Louis De Raeymaeker in his book The Philosophy of Being (pub. 1946) refers to Shankaracarya in a footnote on page 147 in the chapter on the static order of being.
The Indian school of Avaita (Shankaracarya, circ. 788 - 820) which allies itself to Brahmanism, maintains likewise that the world is real only because it is identified with the absolute, Brahma. Limitation and multiplicity derive from a potency, Maya, the great sorceress, who dwells in the heart of reality. They are only an illusion, an effect of ignorance, of imperfect knowledge, Avidya. Whoever places himself at the true point of view of the absolute, Brahma, enters into possession of the full wisdom, Vidya, which makes Maya and Avidya disappear and this man enjoys the beatific vision of all things in the perfect simplicity of Brahma.
The Brahmanism referred to here is related to the ancient Vedic religion and its practices such as the Fire Ceremony (Agnihotra) and its philosophic foundations in ancient Upanishads such as the Brhadaranayka and Chandogya, both of which have commentaries written by Shankaracarya. Avaita (commonly written Advaita) in its modern form stresses the philosophical rather than the ritual. Vidya and Avidya are simply knowledge and ignorance. The world is unreal only when it is taken to be a free-standing, self sufficient entity. It is real as manifestation. This is the usual formula given to allow a bearing to be established on the problem of creation, it is not a closely argued final position. The Real in Advaita is that which is changeless and necessary, the unreal is changeful and contingent. The well known argument from illusion as operative in Western philosophy is not an issue in this connection.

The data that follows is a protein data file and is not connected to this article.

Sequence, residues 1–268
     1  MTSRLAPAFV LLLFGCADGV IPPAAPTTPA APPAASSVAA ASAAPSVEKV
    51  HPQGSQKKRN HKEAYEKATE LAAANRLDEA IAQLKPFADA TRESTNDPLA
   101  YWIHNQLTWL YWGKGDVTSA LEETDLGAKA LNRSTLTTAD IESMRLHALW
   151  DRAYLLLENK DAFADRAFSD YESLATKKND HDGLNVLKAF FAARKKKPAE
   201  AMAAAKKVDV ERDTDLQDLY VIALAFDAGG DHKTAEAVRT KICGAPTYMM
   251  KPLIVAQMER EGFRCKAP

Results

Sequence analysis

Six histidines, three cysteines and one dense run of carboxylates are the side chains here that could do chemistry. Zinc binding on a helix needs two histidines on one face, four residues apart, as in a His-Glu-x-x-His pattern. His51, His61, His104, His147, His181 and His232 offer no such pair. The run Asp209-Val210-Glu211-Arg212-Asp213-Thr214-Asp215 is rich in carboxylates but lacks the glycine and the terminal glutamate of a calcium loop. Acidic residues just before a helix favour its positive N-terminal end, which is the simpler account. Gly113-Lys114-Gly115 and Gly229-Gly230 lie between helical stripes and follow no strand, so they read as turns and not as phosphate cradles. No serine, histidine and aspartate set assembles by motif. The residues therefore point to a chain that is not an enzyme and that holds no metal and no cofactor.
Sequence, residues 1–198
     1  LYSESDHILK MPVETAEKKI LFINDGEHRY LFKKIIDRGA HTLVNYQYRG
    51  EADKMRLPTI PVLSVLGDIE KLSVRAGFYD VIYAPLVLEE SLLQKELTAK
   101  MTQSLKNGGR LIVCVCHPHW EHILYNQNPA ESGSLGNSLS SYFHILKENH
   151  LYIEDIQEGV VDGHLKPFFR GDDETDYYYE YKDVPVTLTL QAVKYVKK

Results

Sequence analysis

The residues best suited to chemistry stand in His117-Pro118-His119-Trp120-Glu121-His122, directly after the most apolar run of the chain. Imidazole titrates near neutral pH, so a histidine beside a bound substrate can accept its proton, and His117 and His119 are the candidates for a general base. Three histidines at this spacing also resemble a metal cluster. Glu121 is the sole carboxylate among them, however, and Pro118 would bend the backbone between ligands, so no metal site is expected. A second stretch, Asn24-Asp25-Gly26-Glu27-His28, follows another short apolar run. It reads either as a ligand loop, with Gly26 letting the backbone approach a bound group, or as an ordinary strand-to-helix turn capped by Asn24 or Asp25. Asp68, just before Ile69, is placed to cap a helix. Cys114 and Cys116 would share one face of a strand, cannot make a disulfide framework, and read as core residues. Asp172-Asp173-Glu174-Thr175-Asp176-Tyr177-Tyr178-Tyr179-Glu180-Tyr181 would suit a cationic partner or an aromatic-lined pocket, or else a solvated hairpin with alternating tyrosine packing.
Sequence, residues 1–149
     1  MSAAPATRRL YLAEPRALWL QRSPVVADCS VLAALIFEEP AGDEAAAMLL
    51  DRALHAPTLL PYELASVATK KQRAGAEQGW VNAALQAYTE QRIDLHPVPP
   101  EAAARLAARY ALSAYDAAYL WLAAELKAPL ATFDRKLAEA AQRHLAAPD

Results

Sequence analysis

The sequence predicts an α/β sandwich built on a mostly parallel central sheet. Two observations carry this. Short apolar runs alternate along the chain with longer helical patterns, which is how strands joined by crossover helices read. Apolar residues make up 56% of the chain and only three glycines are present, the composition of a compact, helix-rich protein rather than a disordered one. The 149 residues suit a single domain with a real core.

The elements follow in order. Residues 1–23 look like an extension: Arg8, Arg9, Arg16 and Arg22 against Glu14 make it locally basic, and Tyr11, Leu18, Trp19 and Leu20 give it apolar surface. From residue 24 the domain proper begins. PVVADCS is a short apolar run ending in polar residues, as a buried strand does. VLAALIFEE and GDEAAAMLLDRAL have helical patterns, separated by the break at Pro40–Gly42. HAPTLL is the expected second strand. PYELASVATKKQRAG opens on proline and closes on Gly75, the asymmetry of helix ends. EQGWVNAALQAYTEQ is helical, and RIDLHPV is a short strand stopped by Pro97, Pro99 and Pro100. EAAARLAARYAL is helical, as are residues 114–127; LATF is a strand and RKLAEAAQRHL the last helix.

De Raeymaeker is accurate on this point though he succumbs to the fanciful allegoricisation that poetic Hindu texts go in for. In any case it is just a remark in passing, his chief focus is on Spinoza who offers an analogous account of ultimate absorption into unity of being.
The modes (of finite being) are founded on, and every distinction is effaced in, infinite Nature; the opposition between possibility and reality , between essence and existence, disappears in the fundamental unity of pure Being.
Interestingly De Raeymaeker in his discussion of The Possible, The Problem of the Foundation of Intrinsic Possibility and The Problem of the Relation of Extrinsic and Intrinsic Possibility covers in his closely argued methodical way the grounds for the more compressed insights of Shankaracarya on the issue of the Buddhist Idealist claim that a thing’s existence is based on whether it can be known or not. If it cannot be known as per the standard idealist view we are only acquainted with the contents of a mental experience, then the existence of a thing as possible or impossible cannot be determined. Shankaracarya’s counter is that it is the application of valid means of knowledge (pramanas) that determines whether a thing is impossible or not.
What is known through any one of the means of knowledge, such as direct perception etc., is possible, and what cannot be known through any one of these means of knowledge is impossible. In the case under discussion, the external things are known individually by the respective means of knowledge;...(B.S.B. II.ii.28)
Denying the possibility of your empirical acquaintance with something says nothing about whether it is possible or not and in fact makes it impossible to say whether or not it is an existent.
De Raeymaeker (pg.91):
It is not the abstract, as such, which can exist, but the concrete individual; it is not the abstract essence “man” which is possible, it is this or that man, Socrates or Plato.